Guest Post: The Greeks Have Already Dumped the Euro

Tyler Durden's picture




 

Via Michael Krieger of Liberty Blitzkrieg blog,

[ZH: We first noted the shift to a barter economy that is occuring in Greece back in April. But Mike's excellent update below shows that this 'barter' has progressed to a new 'alternative' currency]

Really fascinating article about how many cities and communities in Greece have already moved on from the euro to bartering as well as alternative currencies.  The city of Volos, 200 miles north of Athens with a population of 170,000 is highlighted in the article due to the size of its alternative money market centered around a local currency call the Tem.  This sort of behavior will be the wave of the future in all countries, as Central Bank currencies are debased into extinction.  It’s interesting because while I was in Crested Butte over New Year’s I noticed they have a local currency going there called Crested Butte Bucks and I was really surprised to see that you can spend them pretty much anywhere in town.  I also highlighted this trend in my post earlier this year English City of Bristol Launches its Own Local Currency.

Now, from the Guardian:

It’s been a busy day at the market in downtown Volos. Angeliki Ioanitou has sold a decent quantity of olive oil and soap, while her friend Maria has done good business with her fresh pies.

 

But not a single euro has changed hands.

 

In this bustling port city at the foot of Mount Pelion, in the heart of Greece‘s most fertile plain, locals have come up with a novel way of dealing with austerity – adopting their own alternative currency, known as the Tem.

 

“Frankly the Tem has been a life-saver,” said Christina Koutsieri, clutching DVDs and a bag of food as she emerged from the marketplace. “In March I had to close the grocery store I had kept going for 27 years because I just couldn’t afford all the new taxes and bills. Everyone I know has lost their jobs. It’s tragic.”

 

For local officials such as Panos Skotiniotis, the mayor of Volos, the alternative currency has proved to be an excellent way of supplementing the euro. “We are all for supporting alternatives that help alleviate the crisis’s economic and social consequences.”

Full Guardian article here.

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Fri, 01/04/2013 - 15:50 | 3123403 Joebloinvestor
Joebloinvestor's picture

Never underestimate the will to survive.

Fri, 01/04/2013 - 15:54 | 3123431 Ghordius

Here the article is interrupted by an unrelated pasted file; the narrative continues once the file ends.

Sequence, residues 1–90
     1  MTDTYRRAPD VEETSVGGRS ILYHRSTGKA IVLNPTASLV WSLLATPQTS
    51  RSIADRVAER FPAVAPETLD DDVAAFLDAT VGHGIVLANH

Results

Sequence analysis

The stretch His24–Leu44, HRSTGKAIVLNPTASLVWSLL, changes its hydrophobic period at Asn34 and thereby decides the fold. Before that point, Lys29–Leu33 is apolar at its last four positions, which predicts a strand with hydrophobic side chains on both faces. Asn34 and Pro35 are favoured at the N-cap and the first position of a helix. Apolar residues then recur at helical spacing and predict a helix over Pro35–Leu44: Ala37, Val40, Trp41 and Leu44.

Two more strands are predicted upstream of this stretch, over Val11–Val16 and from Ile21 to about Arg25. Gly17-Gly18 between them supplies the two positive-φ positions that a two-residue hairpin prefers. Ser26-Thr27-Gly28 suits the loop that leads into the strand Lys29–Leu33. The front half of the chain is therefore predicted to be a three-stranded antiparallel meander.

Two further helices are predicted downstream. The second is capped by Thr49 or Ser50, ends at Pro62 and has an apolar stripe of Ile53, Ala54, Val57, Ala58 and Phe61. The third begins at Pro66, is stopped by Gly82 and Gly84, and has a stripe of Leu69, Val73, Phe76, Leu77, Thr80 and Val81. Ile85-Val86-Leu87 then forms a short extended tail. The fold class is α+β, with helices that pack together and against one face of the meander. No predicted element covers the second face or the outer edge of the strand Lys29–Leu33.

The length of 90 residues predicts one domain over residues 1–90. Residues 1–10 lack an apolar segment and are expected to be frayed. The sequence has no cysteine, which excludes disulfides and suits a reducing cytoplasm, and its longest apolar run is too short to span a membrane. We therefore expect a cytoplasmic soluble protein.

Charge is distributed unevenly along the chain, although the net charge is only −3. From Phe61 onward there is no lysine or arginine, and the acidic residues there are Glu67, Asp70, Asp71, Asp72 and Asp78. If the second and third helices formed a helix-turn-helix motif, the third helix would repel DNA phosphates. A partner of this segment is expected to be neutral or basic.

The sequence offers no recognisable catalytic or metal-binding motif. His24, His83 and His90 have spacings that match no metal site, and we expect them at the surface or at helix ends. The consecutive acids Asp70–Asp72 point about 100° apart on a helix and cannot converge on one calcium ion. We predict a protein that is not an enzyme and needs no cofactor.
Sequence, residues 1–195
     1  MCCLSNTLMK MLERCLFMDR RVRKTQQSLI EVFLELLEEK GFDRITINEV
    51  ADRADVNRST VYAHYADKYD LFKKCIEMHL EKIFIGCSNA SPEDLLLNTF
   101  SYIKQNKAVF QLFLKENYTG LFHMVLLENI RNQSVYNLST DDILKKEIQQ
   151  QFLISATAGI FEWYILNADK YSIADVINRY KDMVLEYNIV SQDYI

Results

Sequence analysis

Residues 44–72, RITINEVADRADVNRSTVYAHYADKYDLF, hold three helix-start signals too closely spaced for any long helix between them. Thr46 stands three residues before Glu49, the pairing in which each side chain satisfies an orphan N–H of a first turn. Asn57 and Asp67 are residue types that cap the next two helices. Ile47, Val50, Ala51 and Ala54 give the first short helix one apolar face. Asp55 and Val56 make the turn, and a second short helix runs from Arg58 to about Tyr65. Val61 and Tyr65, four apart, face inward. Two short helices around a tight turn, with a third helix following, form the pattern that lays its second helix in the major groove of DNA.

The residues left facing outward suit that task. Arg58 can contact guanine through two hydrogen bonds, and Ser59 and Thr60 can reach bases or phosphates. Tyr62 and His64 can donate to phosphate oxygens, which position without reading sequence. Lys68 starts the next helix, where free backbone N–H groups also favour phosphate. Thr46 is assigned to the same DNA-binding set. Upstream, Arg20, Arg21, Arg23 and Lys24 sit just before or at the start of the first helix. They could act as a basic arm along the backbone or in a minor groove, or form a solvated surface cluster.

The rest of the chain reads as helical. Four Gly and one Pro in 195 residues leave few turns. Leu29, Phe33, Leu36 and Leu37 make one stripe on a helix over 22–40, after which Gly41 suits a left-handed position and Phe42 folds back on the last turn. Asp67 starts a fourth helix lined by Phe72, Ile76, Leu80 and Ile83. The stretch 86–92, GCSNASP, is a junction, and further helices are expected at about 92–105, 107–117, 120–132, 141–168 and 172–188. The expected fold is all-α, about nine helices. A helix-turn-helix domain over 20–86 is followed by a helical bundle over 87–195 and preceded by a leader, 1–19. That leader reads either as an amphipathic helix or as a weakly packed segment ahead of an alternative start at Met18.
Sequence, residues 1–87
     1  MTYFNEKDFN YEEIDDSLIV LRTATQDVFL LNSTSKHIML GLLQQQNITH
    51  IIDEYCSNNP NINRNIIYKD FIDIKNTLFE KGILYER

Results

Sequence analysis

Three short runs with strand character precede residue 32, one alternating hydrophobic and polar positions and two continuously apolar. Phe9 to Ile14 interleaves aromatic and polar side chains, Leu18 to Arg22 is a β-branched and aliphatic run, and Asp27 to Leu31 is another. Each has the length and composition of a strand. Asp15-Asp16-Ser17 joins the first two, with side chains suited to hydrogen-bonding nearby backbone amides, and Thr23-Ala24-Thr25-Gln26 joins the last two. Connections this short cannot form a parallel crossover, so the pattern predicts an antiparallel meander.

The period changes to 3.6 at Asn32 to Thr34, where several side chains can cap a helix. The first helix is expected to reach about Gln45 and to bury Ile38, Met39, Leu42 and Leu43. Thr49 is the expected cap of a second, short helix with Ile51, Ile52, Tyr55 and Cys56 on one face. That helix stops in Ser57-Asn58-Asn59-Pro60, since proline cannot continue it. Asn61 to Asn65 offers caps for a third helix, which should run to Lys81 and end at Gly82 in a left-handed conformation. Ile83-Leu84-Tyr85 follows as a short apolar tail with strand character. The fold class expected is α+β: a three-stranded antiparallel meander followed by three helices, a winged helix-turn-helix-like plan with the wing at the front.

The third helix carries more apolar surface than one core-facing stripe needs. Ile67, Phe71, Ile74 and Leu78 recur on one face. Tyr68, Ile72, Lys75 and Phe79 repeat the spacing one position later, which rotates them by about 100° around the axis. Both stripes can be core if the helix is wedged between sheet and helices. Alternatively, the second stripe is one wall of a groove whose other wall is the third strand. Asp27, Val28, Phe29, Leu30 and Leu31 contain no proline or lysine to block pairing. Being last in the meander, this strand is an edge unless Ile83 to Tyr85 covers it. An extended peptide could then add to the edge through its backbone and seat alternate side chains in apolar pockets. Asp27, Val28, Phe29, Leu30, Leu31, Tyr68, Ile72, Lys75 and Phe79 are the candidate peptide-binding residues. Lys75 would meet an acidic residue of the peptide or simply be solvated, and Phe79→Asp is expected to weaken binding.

Ghordius's picture

Long live private currencies

Fri, 01/04/2013 - 16:02 | 3123470 DoChenRollingBearing
DoChenRollingBearing's picture

I dunno guys.  Artificial LOCAL currencies, based on nothing, do not seem to be long-lived.  This appears to be just a scrip, an alternative until something better hits town.

Why are they not bartering with silver?  That is the PAYMENT I would take, I would pay in that bogus local new paper currency...

Fri, 01/04/2013 - 16:03 | 3123477 Ghordius
Ghordius's picture

40 years median age, compare with 70y gov fiat

Fri, 01/04/2013 - 16:14 | 3123536 SilverTree
SilverTree's picture

I took a nice dump today too, bitchez!

Fri, 01/04/2013 - 16:20 | 3123563 francis_sawyer
francis_sawyer's picture

paper currencies only last for as long as joo bankers con you into believing they are actually worth something... The point of recognition comes long about the time that they have stolen all your gold...

Fri, 01/04/2013 - 16:21 | 3123568 IvyMike
IvyMike's picture

I didn't say I was a Jew.

I said I was Jewish.

LOL!

Fri, 01/04/2013 - 16:24 | 3123590 ZerOhead
ZerOhead's picture

Barter is getting big in Greece...

My friend Dmitri Apocalypsopoulos witnessed a guy trading a handjob with another guy for a blowjob cutting the taxman completely out of the picture.

Apparently it's the only 'jobs' available there these days...

Fri, 01/04/2013 - 16:30 | 3123618 Michaelwiseguy
Michaelwiseguy's picture

Nigel Farage - Greece Descending into Total Chaos & Violence

He told me that he and his friends, who live in the big detached houses on the outskirts of Athens, they are all going out and buying Kalashnikovs (rifles).  He said, ‘We are doing that because we think those of us that have assets and property, at some point soon, are going to need to defend our properties.

http://kingworldnews.com/kingworldnews/KWN_DailyWeb/Entries/2012/2/15_Nigel_Farage_-_Greece_Descending_into_Total_Chaos_%26_Violence.html

Fri, 01/04/2013 - 16:32 | 3123627 Ghordius
Ghordius's picture

Still listening to The City's Darling?

Fri, 01/04/2013 - 18:05 | 3123996 Enslavethechild...
EnslavethechildrenforBen's picture

If you write "I owe you a cup of coffee" on a piece of paper, it will hold it's value. It will always be worth a cup of coffee to those who honor it.

Not so much for the Dollar...

Fri, 01/04/2013 - 17:11 | 3123796 Overfed
Overfed's picture

Since England is still a monarchy (sort of), they should make Nigel their king. Smartest thing they could ever do.

I could see hime dissolving Parliament, holding all new elections whereby all previous office holders were automatically DQ'd, then dissolving the monarchy and abdicating the throne. I don't know how well the Brits would handle freedom, though.

Fri, 01/04/2013 - 17:21 | 3123837 Ghordius
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did you ask 'em? Just thinking loud...

Fri, 01/04/2013 - 18:08 | 3124005 Enslavethechild...
EnslavethechildrenforBen's picture

You mean people actually need to eat?

Sat, 01/05/2013 - 10:26 | 3125055 MarcusLCrassus
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Nigel Farage = the next Cromwell? 

 

Now that would be awesome.  Initial policy he might institute would be a twist on what Shakespeare said: "the first thing we do, lets kill all the lawyers bankers."

Fri, 01/04/2013 - 21:44 | 3124410 walcott
walcott's picture

if that was the case they all should be dead already or killed some chaos.